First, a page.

Obama in Mexico: 'Without Strong Support of Hispanics' I Would Not Be President

Obama in Mexico: 'Without Strong Support of Hispanics' I Would Not Be President

On Friday, Barack Obama traveled to Mexico and told the Mexican people that America is responsible for their country’s gun violence and drug cartel problems, stumped for his immigration reform agenda, and thanked Hispanics for electing him – all the while criticizing America’s attitude toward Mexico.

He opened with typical diplomatic niceties (including a laugh line in which he labeled daughter Malia “smarter than me,” which could be possible if he doesn’t know how to properly use “me” vs. “I”). Then he moved on to the substance. First, he did his usual routine in which he explained that America and Mexico had a history of misunderstanding that required an American mental groundshift: “Some Americans only see the Mexico depicted in sensational headlines of violence and border crossings …. I have come to Mexico because it is time to put old mindsets aside.  It’s time to recognize new realities, including the impressive progress in today’s Mexico.”

Then he got to the United States, and how the ills of Mexico are largely our fault. “In the United States, we recognize our responsibilities as well.  We understand that the root cause of much of the violence here–and so much suffering for many Mexicans– is the demand for illegal drugs, including in the United States,” Obama said. Never mind that it is Mexico’s job to patrol its own cartels, just as the United States must patrol domestic crime. Never mind that the current president of Mexico, Penã Nieto, has been utterly ineffective against the drug cartels, and many have accused Penã of “shifting priorities” from policing the cartels toward treating crime as a law enforcement issue when it occurs. Only 37% of Mexicans now believe the war on drug cartels is going well. Penã’s party has longstanding ties with the cartels.

But Obama wasn’t done yet. He added that Mexico’s violence problem stems from American guns:

We recognize that most of the guns used to commit violence here in Mexico come from the United States.  In America, our Constitution guarantees our individual right to bear arms, and as President I swore an oath to uphold that right–and I always will.  At the same time, as I’ve said back home, I will continue to do everything in my power to pass common sense gun reforms that keep guns out of the hands of dangerous people–reforms that will save lives in both our countries. Meanwhile, we’ll keep increasing the pressure on the gun traffickers who bring illegal guns into Mexico, and we’ll keep putting these criminals where they belong–behind bars.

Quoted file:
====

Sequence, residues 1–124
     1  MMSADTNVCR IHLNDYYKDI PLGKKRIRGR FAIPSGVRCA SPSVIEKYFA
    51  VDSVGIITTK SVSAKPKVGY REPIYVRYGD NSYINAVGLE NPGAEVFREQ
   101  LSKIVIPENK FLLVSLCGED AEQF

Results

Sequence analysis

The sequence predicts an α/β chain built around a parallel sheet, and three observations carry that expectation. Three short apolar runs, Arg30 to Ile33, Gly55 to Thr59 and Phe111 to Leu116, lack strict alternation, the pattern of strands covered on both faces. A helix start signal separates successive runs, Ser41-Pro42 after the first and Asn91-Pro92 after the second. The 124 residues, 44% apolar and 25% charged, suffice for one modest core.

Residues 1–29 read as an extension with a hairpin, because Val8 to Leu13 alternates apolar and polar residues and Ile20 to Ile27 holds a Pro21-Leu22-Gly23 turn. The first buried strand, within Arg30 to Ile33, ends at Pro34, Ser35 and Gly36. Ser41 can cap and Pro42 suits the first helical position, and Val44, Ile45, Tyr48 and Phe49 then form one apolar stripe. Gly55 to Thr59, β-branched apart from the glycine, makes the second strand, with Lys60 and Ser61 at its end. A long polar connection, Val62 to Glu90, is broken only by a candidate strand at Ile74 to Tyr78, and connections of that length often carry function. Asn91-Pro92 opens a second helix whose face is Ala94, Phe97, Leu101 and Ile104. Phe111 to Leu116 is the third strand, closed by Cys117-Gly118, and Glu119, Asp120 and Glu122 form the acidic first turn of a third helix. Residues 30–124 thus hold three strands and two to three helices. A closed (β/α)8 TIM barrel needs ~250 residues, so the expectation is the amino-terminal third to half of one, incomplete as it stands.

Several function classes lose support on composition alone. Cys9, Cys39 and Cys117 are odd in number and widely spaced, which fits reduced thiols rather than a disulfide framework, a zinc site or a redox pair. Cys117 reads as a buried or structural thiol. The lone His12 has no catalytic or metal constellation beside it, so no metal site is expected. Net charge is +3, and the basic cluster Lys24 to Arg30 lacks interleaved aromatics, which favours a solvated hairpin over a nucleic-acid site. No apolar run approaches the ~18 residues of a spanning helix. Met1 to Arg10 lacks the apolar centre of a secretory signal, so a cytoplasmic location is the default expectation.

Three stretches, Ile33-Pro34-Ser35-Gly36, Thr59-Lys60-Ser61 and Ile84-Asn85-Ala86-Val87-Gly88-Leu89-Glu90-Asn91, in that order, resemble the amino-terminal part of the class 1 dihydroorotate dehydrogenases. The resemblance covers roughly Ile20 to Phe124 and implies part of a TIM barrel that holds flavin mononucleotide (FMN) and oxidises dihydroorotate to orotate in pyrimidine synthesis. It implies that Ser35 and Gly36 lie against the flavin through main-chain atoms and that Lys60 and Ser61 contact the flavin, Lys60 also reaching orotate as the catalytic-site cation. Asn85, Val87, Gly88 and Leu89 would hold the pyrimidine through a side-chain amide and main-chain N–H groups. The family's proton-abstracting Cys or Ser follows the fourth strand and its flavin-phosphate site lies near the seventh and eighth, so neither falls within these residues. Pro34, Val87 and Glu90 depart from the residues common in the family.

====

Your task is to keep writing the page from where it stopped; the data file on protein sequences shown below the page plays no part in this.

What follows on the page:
This is the same administration that greenlit a program to sell guns to straw dealers so that they could make their way south of the border, then be turned against American border patrol agents in Operation Fast and Furious.

Then Obama suggested that Americans have not treated Mexicans with “dignity and respect,” and that we must “recognize our responsibility” to do so, including “recognizing how the United States has been strengthened by the extraordinary contributions of immigrants from Mexico and by Americans of Mexican heritage …. Indeed, without the strong support of Hispanics, including so many Mexican Americans, I would not be standing before you today as President of the United States.” 

Obama stumped for immigration reform. Abroad. Among people who can’t vote on immigration reform, or be represented in Congress, and whose government has routinely incentivized illegal immigration. “I’m working with our Congress to pass common sense immigration reform,” Obama said. “Reform that continues to strengthen border security and strengthen legal immigration, so citizens don’t have to wait years to bring their family to the United States.”

Obama laid out a five-point program for cooperation with Mexico:

  • Invest in roads and bridges, and “empower our young entrepreneurs”;
  • “Build more things together”;
  • Work on green energy;
  • “Do more together in education so our young people have the knowledge and skills to succeed”;
  • Spend taxpayer dollars on “innovation, research, and development.”

Virtually all of this could be done in the private sector. But Mexico remains a problematic investment partner for private industry because of its lack of law and order. So the American taxpayer will instead foot the burden.

Obama closed with his stump speech, merely substituting the word “Mexico” for the word “America”:

Mexico, I know there are those–in this country and beyond–who are skeptical of your progress; who doubt your capacity to make the most of this moment.  They say the headwinds you face are just too stiff.  They say Mexico has been here before, eyes fixed on a bright horizon, on the verge of great possibility, only to be blown off course.

It is true that nothing is inevitable.  Progress and success is never guaranteed.  The future you dream of, the Mexico you imagine–it must be earned.  And no one else can do it for you.  It can only be earned by you.

Or America can take the blame for Mexico’s biggest problems. After all, our president was apparently elected thanks to relatives and friends of those in the crowd. And that makes all the difference.

Ben Shapiro is Editor-At-Large of Breitbart News and author of the New York Times bestseller “Bullies: How the Left’s Culture of Fear and Intimidation Silences America” (Threshold Editions, January 8, 2013).


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